Congestive Heart Failure Trends in the Elderly 1970-94
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|ClinicalTrials.gov Identifier: NCT00005499|
Recruitment Status : Completed
First Posted : May 26, 2000
Last Update Posted : February 18, 2016
|Condition or disease|
|Cardiovascular Diseases Heart Diseases Heart Failure, Congestive Heart Failure|
The study constituted part of a growing body of research designed to understand not only the secular trends in mortality, morbidity, survival, and disability levels for selected major chronic diseases among older persons in the United States, but also the implications of the findings for health care utilization.
The design was that of a retrospective study of successive cohorts of a well-defined and well-documented elderly population for the purpose of identifying and explaining trends in congestive heart failure (CHF) incidence, survival, comorbidities and health services utilization during the 25-year period 1970-1994. The study sample consisted of two successive period cohorts of elderly people, identified for each of two five-year periods, 1970-1974 and 1990-94. The study tested the following hypotheses: 1) incidence of CHF had decreased among the younger old (65-74 years of age); 2) incidence of CHF had increased among the older old (75 years of age or above); 3) one-year survival time had increased following onset of incident CHF; and 4) prevalence of hypertension had decreased and prevalence of myocardial infarction and other manifestations of coronary artery disease increased among incident cases of CHF.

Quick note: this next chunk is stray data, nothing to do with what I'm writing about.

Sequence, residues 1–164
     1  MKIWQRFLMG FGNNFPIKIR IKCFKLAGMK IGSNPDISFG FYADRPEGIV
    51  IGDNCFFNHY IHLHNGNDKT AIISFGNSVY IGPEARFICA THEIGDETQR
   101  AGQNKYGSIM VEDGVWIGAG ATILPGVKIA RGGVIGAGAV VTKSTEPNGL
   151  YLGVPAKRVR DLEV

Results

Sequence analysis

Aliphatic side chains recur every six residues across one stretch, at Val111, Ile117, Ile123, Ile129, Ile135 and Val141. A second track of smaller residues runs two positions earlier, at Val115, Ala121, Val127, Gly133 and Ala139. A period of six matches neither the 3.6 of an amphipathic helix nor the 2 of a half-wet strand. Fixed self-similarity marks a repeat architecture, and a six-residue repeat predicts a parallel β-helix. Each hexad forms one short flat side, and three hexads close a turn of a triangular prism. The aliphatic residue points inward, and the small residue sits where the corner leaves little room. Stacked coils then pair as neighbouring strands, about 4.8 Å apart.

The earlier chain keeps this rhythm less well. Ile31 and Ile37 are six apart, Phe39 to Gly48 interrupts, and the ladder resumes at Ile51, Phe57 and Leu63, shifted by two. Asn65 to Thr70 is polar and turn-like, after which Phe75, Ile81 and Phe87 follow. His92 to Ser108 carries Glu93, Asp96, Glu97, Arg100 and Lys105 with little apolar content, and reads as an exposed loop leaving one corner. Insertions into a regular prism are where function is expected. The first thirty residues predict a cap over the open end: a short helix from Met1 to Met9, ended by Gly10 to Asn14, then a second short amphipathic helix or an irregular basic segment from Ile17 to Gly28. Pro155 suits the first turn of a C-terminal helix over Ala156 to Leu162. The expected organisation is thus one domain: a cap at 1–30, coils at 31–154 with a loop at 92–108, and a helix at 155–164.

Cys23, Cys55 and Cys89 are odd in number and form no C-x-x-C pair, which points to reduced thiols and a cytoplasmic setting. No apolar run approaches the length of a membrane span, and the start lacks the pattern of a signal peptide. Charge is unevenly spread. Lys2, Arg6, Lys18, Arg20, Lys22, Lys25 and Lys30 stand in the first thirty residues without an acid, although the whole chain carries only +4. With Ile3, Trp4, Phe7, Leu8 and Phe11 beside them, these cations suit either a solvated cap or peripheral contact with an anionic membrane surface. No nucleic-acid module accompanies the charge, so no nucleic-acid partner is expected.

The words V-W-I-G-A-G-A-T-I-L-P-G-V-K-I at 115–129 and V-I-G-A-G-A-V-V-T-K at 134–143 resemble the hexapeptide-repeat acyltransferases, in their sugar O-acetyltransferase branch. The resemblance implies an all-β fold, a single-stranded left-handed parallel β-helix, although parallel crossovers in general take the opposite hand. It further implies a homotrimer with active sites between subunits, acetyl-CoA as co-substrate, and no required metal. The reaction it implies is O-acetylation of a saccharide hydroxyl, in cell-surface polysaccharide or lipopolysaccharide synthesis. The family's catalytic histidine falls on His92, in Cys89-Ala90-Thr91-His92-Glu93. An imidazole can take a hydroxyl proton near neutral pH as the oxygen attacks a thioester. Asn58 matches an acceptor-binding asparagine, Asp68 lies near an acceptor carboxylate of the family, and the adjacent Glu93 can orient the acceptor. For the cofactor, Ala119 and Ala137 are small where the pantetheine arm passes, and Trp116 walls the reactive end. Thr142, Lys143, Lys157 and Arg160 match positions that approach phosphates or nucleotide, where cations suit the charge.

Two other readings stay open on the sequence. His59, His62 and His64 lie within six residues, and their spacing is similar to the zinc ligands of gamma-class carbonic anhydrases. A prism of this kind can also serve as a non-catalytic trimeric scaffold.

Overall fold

The study completion date listed in this record was obtained from the "End Date" entered in the Protocol Registration and Results System (PRS) record.
|Study Type :||Observational|
|Study Start Date :||July 1998|
|Study Completion Date :||June 2001|
To learn more about this study, you or your doctor may contact the study research staff using the contact information provided by the sponsor.
Please refer to this study by its ClinicalTrials.gov identifier (NCT number): NCT00005499
|OverallOfficial:||William Barker||Kaiser Foundation Research Institute|